As the deadline to file our taxes approaches, many of us are anticipating a nice tax refund.
Americans will receive an average refund of $2,913, according to a survey released Tuesday from Capital One. Most of us will gratefully use the "extra" cash on every day expenses or to buy stuff. One-third of those surveyed by Capital One said they'd spend at least some part of their refund.
We say "extra money" because it's important to remember that a tax rebate isn't like, say, lottery winnings. The government is giving your money back to you. “A tax refund is often seen as free money, which makes it very tempting to spend it right away, but it’s important to remember that the refund you’re getting back is your own money,” said Mickey Konson, a vice president at Capital One Bank.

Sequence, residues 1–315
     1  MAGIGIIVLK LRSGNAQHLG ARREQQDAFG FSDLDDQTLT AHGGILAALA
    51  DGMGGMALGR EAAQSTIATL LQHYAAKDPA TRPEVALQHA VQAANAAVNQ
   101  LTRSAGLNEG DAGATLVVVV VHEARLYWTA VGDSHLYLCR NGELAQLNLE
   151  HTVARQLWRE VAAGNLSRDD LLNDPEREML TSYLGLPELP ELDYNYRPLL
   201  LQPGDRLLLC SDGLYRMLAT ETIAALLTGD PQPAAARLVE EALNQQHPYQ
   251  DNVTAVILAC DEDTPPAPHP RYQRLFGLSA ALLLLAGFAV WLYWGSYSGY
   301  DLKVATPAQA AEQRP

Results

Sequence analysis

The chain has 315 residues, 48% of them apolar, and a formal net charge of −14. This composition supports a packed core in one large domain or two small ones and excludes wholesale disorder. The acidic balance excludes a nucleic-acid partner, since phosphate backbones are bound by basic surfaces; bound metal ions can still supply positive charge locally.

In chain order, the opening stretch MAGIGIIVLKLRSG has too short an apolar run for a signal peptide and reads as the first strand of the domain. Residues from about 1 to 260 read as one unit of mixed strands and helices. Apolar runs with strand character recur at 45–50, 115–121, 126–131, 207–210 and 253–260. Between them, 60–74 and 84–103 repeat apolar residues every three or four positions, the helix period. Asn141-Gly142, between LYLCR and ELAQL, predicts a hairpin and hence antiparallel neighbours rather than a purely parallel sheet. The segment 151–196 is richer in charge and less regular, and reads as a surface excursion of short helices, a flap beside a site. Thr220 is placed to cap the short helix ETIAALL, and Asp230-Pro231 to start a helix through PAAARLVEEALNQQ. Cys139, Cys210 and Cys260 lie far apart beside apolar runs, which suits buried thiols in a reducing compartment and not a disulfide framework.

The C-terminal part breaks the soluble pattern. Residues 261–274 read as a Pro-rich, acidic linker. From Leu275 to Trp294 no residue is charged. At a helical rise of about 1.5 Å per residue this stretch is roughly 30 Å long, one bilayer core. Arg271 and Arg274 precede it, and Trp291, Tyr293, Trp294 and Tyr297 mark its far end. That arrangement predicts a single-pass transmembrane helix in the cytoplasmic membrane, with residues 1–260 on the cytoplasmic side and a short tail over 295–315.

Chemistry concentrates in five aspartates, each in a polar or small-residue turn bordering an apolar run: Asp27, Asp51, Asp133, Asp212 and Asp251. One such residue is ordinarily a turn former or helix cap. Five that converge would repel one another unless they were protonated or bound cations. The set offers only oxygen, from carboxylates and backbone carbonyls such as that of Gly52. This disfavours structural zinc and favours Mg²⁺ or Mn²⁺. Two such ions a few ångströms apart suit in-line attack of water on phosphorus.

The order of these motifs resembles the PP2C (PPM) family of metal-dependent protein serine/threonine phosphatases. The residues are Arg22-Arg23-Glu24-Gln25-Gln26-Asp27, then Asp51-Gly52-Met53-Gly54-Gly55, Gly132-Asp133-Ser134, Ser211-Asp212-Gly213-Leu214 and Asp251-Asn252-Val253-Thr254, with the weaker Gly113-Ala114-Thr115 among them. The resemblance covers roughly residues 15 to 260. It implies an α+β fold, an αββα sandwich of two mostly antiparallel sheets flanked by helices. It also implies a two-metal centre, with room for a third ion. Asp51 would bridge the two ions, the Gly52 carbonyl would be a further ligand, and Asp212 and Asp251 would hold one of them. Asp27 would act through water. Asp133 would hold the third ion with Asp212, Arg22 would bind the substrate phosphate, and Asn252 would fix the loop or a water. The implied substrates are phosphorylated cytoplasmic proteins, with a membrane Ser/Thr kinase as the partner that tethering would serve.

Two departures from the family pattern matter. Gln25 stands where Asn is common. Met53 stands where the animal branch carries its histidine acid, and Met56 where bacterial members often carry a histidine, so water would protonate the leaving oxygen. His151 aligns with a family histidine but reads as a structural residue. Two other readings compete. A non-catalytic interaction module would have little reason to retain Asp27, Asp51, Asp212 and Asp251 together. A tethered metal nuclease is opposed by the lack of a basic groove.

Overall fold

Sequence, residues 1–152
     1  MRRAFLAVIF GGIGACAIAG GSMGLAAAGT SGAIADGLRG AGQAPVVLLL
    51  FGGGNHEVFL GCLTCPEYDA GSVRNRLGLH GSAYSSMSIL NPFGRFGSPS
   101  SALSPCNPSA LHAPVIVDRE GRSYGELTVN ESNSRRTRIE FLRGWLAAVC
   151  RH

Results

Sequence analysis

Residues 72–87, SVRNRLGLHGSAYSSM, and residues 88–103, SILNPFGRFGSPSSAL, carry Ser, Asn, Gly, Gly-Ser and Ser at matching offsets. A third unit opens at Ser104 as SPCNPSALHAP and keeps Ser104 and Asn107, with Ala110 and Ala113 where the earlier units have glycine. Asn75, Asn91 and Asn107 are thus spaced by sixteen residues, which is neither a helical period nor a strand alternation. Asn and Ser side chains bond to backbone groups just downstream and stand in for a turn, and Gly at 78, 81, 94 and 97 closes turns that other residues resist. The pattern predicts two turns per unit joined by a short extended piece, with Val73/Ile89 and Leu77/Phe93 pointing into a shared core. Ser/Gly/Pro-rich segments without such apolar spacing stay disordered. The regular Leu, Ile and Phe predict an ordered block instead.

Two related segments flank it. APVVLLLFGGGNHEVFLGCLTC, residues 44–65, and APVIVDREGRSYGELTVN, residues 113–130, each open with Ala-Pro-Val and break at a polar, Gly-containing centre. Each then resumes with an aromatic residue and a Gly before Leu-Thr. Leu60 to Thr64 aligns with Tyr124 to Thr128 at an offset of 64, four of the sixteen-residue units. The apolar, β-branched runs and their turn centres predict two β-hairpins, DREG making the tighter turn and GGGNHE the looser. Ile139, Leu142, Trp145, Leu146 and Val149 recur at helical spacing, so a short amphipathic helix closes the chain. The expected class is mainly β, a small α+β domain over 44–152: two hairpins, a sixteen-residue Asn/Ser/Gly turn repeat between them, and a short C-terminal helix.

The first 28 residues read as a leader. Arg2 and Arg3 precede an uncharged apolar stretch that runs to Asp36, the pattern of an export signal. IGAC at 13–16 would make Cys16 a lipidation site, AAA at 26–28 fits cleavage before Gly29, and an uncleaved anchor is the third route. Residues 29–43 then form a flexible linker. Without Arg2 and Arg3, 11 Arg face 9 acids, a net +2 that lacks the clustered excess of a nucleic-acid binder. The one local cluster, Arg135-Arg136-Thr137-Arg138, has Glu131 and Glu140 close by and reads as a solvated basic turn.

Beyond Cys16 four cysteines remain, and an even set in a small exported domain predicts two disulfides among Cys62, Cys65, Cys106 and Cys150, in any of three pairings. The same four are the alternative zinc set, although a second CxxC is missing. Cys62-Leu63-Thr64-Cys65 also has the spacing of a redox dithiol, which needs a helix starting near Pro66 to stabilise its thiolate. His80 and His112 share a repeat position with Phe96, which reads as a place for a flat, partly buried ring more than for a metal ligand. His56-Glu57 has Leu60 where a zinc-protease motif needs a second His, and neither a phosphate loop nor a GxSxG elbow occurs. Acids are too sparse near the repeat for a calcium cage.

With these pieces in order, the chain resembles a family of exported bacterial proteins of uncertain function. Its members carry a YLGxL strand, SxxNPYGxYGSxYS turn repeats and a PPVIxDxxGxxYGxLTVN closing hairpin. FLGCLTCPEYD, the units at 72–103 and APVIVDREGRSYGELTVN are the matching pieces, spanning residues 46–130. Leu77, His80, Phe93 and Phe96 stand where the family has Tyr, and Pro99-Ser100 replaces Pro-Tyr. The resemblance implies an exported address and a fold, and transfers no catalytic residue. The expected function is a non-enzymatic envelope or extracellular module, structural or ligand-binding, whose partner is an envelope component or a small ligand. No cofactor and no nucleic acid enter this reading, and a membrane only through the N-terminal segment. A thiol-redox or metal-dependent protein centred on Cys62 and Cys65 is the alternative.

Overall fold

Instead of running to buy the new iPad, we'd be best advised to pay down debt or stash away the cash for a rainy day. Yet only 17 percent of those surveyed plan to pay down debt with their refund this year. A survey conducted by Bankrate.com found that 30 percent of people planned to pay off debt with their tax return money in 2010.
The fact that fewer Americans plan to pay off debt with their tax refund doesn't mean that Americans are carrying less debt. In 2011, Americans racked up 424 percent more in credit card debt than was incurred in 2010 and 577 percent more than in 2009, according to a recent Card Hub study.
Here are six tips on how to spend your tax refund money:
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